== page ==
Android’s launcher is one of the most important parts of the user interface. It’s the first thing you see once the device is unlocked, and it’s the primary way you interact with the home screen. It’s where your widgets live, where the app drawer is found, and where you customize the look of your phone.

RELATED: How to Install Nova Launcher for a More Powerful, Customizable Android Home Screen

If you’re unhappy with the launcher your handset manufacturer provides out of the box, however, fret not—there are a slew of excellent third-party choices that can be installed from the Play Store. Today, we’re rounding up the best of the best.

The Best for Most People: Google Now Launcher

The Google Now Launcher—or GNL as it’s often called—is Google’s definitive launcher. It originally started as an exclusive-to-Nexus project, but was later released in the Play Store for all users to enjoy. It’s simple, stable, fast, and efficient, which is basically all you could ever ask for in a launcher. And best of all, it’s free.

What makes the Google Now Launcher most unique, however, is its nearly-instant access to Google Now. From the main home screen, a quick swipe to the right will immediately pull up Now, giving you quick access to recent news, weather, Google search, and more.

Past that, the Google Now Launcher is simple, and isn’t packed with a lot of fluff. It does what it does very well, and while this simplicity is nice most of the time, it may not be the best or most powerful option out there for those who want more out of their launcher.

The Best for Serious Customization: Nova Launcher

When it comes to getting the most out of your launcher, it’s really hard to go wrong with Nova. It’s insanely powerful and customizable, making this the favorite launcher among those who prefer power over simplicity.

With it, you can change and customize home screen icons or set a custom grid size for a unique home screen layout. You can make icons work as folders by adding a swipe gesture, set a custom action for the home button when you’re already on the home screen (like launching Google Now!), hide apps from the app drawer, and so much more.

If power and customization is what you’re after, Nova is one of the best out there. It also has an excellent developer team behind it, so it’s constantly updated with new features and bug fixes. You can try Nova for free, but you’ll have to shell out $4.99 to get everything the launcher has to offer.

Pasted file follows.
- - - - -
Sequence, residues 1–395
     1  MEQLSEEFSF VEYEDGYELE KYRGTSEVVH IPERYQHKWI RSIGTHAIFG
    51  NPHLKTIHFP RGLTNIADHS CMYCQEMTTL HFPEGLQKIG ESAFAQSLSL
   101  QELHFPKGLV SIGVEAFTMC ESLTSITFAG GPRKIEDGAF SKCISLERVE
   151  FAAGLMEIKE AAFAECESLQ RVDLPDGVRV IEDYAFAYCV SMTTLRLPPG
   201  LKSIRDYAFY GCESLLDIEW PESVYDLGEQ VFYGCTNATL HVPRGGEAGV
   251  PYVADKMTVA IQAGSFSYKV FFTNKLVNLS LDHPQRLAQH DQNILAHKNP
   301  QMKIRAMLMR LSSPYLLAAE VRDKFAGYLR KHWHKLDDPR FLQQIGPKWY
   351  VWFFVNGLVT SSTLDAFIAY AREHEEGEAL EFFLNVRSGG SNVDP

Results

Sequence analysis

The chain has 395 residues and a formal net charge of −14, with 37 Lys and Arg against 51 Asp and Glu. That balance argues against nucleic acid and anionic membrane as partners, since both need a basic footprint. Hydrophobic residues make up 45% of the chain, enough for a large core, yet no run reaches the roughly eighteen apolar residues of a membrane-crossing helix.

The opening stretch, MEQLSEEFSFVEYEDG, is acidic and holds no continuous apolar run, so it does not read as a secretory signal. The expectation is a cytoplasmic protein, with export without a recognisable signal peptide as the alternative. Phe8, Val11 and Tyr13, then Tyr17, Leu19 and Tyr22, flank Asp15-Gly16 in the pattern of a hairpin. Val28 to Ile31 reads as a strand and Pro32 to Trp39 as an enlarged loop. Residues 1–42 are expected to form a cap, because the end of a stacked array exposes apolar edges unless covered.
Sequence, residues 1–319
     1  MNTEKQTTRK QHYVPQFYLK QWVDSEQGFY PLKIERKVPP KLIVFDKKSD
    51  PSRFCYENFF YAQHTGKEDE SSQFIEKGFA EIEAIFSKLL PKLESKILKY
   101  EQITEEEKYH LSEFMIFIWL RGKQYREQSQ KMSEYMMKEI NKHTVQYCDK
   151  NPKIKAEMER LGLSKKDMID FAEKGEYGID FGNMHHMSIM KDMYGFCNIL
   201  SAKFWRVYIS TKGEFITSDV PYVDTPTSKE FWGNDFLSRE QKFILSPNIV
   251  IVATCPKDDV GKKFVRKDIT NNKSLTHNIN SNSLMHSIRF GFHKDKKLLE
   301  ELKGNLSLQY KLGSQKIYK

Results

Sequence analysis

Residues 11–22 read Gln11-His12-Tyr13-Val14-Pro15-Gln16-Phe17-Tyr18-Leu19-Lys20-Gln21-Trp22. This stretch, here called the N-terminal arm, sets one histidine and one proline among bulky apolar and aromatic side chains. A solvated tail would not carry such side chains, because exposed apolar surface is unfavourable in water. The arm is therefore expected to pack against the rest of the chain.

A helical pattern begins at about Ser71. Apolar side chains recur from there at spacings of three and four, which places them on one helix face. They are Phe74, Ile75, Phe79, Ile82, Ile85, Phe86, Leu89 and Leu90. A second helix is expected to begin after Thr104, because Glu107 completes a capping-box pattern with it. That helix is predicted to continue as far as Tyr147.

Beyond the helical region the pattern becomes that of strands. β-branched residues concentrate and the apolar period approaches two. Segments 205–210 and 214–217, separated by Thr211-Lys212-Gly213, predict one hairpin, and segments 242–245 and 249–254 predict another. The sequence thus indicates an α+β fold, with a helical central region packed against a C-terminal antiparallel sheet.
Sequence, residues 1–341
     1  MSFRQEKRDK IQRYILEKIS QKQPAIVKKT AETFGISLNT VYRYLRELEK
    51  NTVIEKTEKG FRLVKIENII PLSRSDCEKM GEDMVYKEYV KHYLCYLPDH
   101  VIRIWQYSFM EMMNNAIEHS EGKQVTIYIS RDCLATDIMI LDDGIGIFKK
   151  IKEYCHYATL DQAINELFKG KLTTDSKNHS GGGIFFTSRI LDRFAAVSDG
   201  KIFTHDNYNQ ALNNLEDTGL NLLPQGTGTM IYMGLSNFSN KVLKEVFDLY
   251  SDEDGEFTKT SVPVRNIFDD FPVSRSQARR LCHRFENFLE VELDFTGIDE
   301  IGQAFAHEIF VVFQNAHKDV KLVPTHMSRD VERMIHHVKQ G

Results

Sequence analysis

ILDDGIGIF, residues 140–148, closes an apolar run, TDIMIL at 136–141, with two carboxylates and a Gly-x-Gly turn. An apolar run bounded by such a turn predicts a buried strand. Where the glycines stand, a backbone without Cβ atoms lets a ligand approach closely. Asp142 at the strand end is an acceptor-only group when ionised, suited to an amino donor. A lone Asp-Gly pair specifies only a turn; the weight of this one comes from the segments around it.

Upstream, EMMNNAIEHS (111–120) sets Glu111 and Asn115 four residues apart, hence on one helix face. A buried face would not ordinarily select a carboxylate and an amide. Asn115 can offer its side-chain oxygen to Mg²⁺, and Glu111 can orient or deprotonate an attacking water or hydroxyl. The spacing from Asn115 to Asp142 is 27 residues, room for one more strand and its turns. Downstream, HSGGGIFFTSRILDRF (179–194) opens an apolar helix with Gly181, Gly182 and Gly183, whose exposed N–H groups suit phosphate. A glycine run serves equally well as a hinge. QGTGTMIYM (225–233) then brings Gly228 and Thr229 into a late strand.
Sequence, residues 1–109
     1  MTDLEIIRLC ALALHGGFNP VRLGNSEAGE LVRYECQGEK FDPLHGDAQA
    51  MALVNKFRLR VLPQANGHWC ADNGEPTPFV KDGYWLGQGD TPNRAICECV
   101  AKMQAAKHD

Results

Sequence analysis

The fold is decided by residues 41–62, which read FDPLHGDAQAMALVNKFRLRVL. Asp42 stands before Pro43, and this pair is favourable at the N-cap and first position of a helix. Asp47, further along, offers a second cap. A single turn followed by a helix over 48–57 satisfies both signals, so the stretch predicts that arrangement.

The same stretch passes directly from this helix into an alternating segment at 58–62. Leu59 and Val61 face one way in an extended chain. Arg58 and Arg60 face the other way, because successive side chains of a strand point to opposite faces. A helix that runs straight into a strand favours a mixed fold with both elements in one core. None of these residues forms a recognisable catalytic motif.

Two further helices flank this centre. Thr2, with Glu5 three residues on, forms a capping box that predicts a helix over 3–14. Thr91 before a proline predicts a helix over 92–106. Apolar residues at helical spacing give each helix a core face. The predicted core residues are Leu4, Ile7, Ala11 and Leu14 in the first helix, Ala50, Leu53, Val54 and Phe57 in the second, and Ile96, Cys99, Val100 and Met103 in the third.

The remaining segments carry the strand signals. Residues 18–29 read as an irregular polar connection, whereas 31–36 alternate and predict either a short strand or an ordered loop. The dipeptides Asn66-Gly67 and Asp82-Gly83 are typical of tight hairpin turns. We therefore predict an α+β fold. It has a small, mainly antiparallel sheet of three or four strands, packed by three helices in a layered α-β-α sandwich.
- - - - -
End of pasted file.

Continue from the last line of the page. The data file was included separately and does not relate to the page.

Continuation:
RELATED: The Five Most Useful Features in Nova Launcher for Android

The Best for Speed: Action Launcher 3

At first blush, Action Launcher 3 doesn’t appear to be all that different from the other launchers on our list. But once you actually start using it, it becomes pretty clear that this launcher has some features that you won’t find anywhere else, like a gesture to instantly launch a list of installed apps. Like Google Now Launcher’s swipe-right-for-Now gesture, the same action on Action Launcher 3 will bring up an alphabetical list of everything installed on the handset, along with a quick way to sort through them by dragging across the letter bar on the right side.

But that’s not all Action Launcher 3has going for it. It’s loaded with other gesture-based features, customizable shortcuts and folders, and a lot more. Like Nova, Action Launcher 3 is free to try, but you’ll have to shell out a five spot to get the most it has to offer. Also like Nova, it’s worth the cost.

Android’s customizable launchers are easily one of the best things about the operating system in general—you spend so much of your time looking at (and for) things housed on the home screens and in the app drawer, so making the most of that experience is definitely something you should do. At the end of the day, you can always go back to whatever you’re used to and comfortable with if you’re not into the third-party options. Choices, baby!

Profile Photo for Cameron Summerson Cameron Summerson
Cameron Summerson is ex-Editor-in-Chief of Review Geek and served as an Editorial Advisor for How-To Geek and LifeSavvy. He covered technology for a decade and wrote over 4,000 articles and hundreds of product reviews in that time. He’s been published in print magazines and quoted as a smartphone expert in the New York Times.
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